‘Policy responses to COVID-19, inequality, and protests in the USA’ analyses how inequality across counties in the United States of America has shaped the impact of the COVID-19 pandemic on the incidence of protests. The empirical analysis combines weekly data between January and December 2020 on levels of COVID-19-related policy stringency and protest incidence at the county level with measures of county-level inequality at the start of the pandemic. The results show that more stringent measures to contain the pandemic were instrumental in driving the incidence of protests, but only in counties with high levels of inequality before the start of the pandemic, where grievances may have been initially stronger. Further analysis suggests that the impact of government responses to the COVID-19 pandemic is largely explained by changes in economic conditions in counties with the highest levels of inequality. Unequal counties with lower trust in political institutions but higher levels of social trust and civic engagement at the start of the pandemic are also more likely to experience more protests as a response to more stringent policies. By Francesco Iacoella, Dr. Bruno Martorano and Dr. Patricia Justino.
‘Foreign R&D spillovers to the USA and strategic reactions’ re-considers the traditional result of zero or negative foreign R&D spillovers or strategic reactions to the USA using accumulated shocks in a vector-error-correction model (VECM) for the period 1963-2017. Foreign private and public R&D stocks have a positive and statistically significant effect on US public R&D and labour-augmenting technical change (LATC). US private R&D reacts positively to foreign private R&D and negatively to foreign public R&D shocks. Foreign public and private R&D react positively to US public R&D. All variables react positively to US private R&D. By Dr. Thomas Ziesemer.
‘How social assistance affects subjective well-being: Lessons from Kyrgyzstan’ investigates the effects of social assistance on subjective well-being in Kyrgyzstan. In contrast to the existing literature, the paper finds that the receipt of social assistance benefits is associated with lower levels of subjective well-being. Findings also reveal that participation in social assistance leads to some reduction in satisfaction regarding recipients’ own economic conditions. Moreover, the authors find that the negative effects on subjective well-being disappear for the oldest generations, who experienced the dissolution of the Soviet Union. By contrast, the effect is negative for the youth, who grew up in a new society where needing help is ultimately the responsibility of the individual citizen. For individuals with high trust in political institutions, the negative effect of state intervention does not hold, while it persists in the case of low trust in political institutions. By Prof. Franziska Gassmann, Dr. Bruno Martorano and Dr. Jennifer Waidler.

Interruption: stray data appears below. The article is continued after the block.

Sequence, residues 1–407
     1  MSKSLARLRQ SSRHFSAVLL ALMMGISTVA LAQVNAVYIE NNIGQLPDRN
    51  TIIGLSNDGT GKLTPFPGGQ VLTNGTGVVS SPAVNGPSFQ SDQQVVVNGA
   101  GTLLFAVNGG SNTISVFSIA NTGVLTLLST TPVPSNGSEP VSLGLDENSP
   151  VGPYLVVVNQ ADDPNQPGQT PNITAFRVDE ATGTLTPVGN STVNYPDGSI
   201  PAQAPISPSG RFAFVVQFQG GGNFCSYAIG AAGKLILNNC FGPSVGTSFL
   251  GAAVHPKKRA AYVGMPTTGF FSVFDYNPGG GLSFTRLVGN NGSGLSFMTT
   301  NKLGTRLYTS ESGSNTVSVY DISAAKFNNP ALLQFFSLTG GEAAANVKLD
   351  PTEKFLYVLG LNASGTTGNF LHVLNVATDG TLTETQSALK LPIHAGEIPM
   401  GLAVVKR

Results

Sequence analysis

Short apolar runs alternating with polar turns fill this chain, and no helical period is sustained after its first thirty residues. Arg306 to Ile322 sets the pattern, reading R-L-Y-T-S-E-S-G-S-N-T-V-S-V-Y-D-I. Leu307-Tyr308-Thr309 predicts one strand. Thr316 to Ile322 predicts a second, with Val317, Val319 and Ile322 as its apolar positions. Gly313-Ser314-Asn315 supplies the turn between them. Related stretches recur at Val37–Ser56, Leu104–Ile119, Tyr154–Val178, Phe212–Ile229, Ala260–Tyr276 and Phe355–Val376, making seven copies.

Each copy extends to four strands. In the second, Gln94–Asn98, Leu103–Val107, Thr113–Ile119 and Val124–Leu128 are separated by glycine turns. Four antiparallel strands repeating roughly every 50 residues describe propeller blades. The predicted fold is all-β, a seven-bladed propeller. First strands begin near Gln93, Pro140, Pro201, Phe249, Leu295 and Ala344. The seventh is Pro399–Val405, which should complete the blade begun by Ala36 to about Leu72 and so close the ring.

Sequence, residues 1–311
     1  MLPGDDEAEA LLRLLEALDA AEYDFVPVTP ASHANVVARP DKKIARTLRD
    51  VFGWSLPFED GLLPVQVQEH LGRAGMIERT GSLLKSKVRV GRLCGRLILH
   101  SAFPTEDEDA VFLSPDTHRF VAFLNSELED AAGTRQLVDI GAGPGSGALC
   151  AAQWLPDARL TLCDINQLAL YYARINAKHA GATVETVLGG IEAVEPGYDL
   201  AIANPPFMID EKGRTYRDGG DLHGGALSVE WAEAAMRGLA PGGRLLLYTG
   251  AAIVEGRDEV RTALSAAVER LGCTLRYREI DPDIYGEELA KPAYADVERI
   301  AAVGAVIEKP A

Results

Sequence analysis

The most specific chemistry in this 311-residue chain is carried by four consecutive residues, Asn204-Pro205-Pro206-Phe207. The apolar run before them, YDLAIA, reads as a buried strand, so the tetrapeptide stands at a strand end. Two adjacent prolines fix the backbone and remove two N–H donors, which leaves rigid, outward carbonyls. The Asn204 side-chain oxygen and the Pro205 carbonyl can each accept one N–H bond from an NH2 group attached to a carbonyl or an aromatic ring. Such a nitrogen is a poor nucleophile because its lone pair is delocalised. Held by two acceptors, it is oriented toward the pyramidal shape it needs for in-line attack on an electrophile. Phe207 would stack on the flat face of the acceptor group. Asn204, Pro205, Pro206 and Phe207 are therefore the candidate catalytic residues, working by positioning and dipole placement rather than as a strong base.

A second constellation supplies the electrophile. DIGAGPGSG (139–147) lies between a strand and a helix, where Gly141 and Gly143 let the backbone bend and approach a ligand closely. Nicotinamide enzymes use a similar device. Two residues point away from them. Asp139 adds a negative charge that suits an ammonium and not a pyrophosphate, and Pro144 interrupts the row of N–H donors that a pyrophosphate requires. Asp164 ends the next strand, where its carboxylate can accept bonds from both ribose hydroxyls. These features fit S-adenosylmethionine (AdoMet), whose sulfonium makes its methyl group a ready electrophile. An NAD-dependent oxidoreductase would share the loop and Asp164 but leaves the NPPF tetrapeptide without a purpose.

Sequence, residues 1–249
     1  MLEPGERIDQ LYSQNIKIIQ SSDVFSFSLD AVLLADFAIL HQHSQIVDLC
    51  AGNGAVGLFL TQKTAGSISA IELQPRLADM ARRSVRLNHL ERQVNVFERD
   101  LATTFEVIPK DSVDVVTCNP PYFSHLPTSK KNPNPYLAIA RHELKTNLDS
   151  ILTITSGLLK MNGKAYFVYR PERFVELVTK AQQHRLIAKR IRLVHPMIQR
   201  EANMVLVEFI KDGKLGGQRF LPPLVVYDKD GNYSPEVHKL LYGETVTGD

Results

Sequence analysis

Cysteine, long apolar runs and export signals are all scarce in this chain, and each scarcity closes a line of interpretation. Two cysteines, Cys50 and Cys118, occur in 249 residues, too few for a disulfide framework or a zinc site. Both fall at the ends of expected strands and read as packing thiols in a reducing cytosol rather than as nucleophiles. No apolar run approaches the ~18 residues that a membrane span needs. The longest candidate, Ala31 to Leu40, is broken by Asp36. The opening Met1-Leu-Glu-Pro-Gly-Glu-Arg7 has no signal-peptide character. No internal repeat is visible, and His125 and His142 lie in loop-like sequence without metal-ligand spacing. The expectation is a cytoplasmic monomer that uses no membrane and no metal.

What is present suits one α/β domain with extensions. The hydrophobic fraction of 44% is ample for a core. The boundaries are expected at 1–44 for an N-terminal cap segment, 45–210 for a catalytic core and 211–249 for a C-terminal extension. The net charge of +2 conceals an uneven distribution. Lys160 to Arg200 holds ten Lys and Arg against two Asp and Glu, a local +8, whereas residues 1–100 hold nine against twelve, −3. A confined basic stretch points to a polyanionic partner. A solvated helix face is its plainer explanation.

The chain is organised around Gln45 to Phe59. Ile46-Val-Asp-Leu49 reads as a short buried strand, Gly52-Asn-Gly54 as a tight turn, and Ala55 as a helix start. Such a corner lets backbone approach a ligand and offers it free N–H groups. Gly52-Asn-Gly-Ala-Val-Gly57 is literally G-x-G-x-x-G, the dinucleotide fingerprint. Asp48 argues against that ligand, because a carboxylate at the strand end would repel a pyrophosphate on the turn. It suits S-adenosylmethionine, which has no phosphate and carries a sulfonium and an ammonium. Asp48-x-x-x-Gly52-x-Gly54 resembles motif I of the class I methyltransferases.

‘Do institutions and ideology matter for economic growth in Latin America in the first two decades of the 21st century?’ shows that institutions have a positive, strong and significant impact on GDP growth in 20 Latin American countries between 2002 and 2018. Government size has a negative impact on GDP growth itself but, in interaction with strong institutions, the effect of government size on growth turns to positive and significant, while political ideology has no significant effect on economic growth. By Prof. Jo Ritzen et al.
‘What makes a productive PhD student?‘ investigates the impact of the social environment to which a PhD student is exposed on her scientific productivity during the training period. Unique to this study, the authors cover the entire student population of a European country for all the STEM fields. Specifically, they analyse the productivity of 77,143 students who graduated in France between 2000 and 2014. The study finds that having a female supervisor is associated with a higher student’s productivity as well as being supervised by a mid-career scientist and having a supervisor with a high academic reputation. The supervisor’s fundraising ability benefits only one specific dimension of the student’s productivity, i.e., the student’s work quality. Interestingly, the supervisor’s mentorship experience negatively associates with student’s productivity. Having many peers negatively associates with the student’s productivity, especially if peers are senior students. Having female peers positively correlates with the student’s productivity, while peers’ academic status shows mixed effects according to the productivity dimension considered. By Dr. Fabiana Visentin et al.
‘Mobile phones and HIV testing: Multi-country evidence from sub-Saharan Africa‘ investigates the role of mobile phone connectivity on HIV testing in sub-Saharan Africa. The study shows that proximity to a cell tower increases HIV-related knowledge as well as reproductive health knowledge. Similar results are observed when the analysis is performed at the community level. Results suggest that the effect of mobile phone connectivity is channelled through increased knowledge of HIV, STIs, and modern contraceptive methods. Further analysis shows that cell phone ownership has an even larger impact on HIV testing and knowledge. This paper adds to recent literature on the impact of mobile-based HIV prevention schemes by showing through large-scale analysis that better mobile network access is a powerful tool to spread reproductive health knowledge and increase HIV awareness. By Francesco Iacoella and Dr. Nyasha Tirivayi.
‘Attitudes towards inequality in Brazil: An analysis of a highly unequal country’ provides a cross-sectional analysis of the determinants of attitudes towards inequality and provide an in-depth analysis of inequality perceptions in Brazil, one of the world’s most unequal countries. To achieve this goal, the paper first summarises the main determinants of attitudes towards inequality. Second, it presents Brazil’s case study, using data from a study conducted in 2019 by Oxfam/Datafolha. The results show that social factors related to skin colour/race, education and meritocracy beliefs are important to determine Brazilians attitudes towards inequality. With regard to the economic factors, inequality perception was found to be also an essential determinant of attitudes. By PhD fellow Cintia Denise Granja et al.
The opinions expressed here are the authors’ own; they do not necessarily reflect the views of UNU.